Stay Out of the Basement
Posted by Tracy Poff on August 20, 2011
Margaret’s father is a botanist, and until recently, he worked at PolyTech in California. Margaret isn’t sure why, but he was fired, and now he spends all his time in the basement, working on his plants. Margaret’s friend Diane says he’s a mad scientist, but those only exist in movies… right?
The second book in R. L. Stine’s Goosebumps series, Stay Out of the Basement has a bit of a science fiction feel to it. When Margaret Brewer and her brother Casey sneak down into the basement, they see plants everywhere, and a machine that looks like phone booth, with wires everywhere, attached to another similar device. As their father later explains, he’s been trying to integrate animal DNA into plants.
Does this device make anyone else think of The Fly? Any good scifi fan would know how dangerous this setup is. It’s a pity Dr. Brewer isn’t so well-informed. Margaret notices her father beginning to exhibit some unusual behavior, and when his baseball cap is knocked off, see that he has leaves growing out of his head. He claims that it’s harmless, merely a side effect of his work, but Margaret isn’t so sure.
In some ways, this is superior to Welcome to Dead House. There’s much more constant suspense in this book, and the scifi elements are fun. It might not occur to kids, but the book raises some interesting ethical questions, too. If we can create plants that are nearly indistinguishable from humans, including how they speak and act (except for some minor quirks, like eating plant food), then can we really just treat them as plants? Dr. Brewer thinks so, and destroys the semi-human plants apparently without any concern. I’m not so sure.
Like Welcome to Dead House, the protagonists in Stay Out of the Basement are a twelve year old girl and her eleven year old brother, although the story is told in the third person rather than the first person this time. It’s limited to Margaret, though, so I’ll call this one another children’s book with a female protagonist. I wonder how common this was in the Goosebumps series. The Girl Who Cried Monster also has a female protagonist, as, I think, do One Day at Horrorland and The Ghost Next Door. I’ll tally them up at the end of my review series.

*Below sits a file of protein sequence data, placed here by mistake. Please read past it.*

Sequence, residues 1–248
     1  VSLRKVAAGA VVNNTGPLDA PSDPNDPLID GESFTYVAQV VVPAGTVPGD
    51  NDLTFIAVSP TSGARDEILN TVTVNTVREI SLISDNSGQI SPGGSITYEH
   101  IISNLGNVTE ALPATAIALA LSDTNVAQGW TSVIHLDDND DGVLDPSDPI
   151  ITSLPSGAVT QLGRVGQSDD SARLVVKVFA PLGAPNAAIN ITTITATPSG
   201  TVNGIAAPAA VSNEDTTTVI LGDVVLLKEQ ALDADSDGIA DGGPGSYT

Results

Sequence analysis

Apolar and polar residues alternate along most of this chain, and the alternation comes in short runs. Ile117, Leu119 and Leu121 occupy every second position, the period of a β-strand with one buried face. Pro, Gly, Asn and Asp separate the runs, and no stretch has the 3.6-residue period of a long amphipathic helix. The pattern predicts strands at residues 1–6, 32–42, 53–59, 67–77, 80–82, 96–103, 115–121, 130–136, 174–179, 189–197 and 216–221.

Stay Out of the Basement spends quite a bit of time focusing on the characters’ emotions, which I think is fantastic. We see how Margaret’s mother is saddened by her husband’s recent inattention, how Casey is concerned about why their father would lose his job, and, more importantly, how Margaret comes to be frightened of her father, as the book progresses. At last, when her father is advancing on her with an axe, and she is desperately clinging to the hope that he’s not a monster, all this really pays off.
The resolution of that scene is a little facile, but it might have been seen as too much for kids, to leave them wondering if Margaret has killed her father. The final scene, with a small, yellow flower claiming that it is Margaret’s real father, and begging her to help it, is odd. I guess that maybe it’s supposed to be funny, but for me, it just raises the same ethical questions I mentioned before. If that flower really believes that it is Margaret’s father, then what a horrible fate it’s been condemned to. I think it’s safe to assume that the flower isn’t really her father, but as far as the poor flower is concerned, it’s (he’s) narrowly escaped being killed and having his corpse burned while his daughter watches. Much more horrifying than what was intended, I guess.
I think that, overall, Welcome to Dead House was the better book, but Stay Out of the Basement is a solid entry in the Goosebumps series. It’s also available on the Kindle, as Classic Goosebumps #22, so if you’re looking for a fun, quick read for kids, you might consider picking up a copy.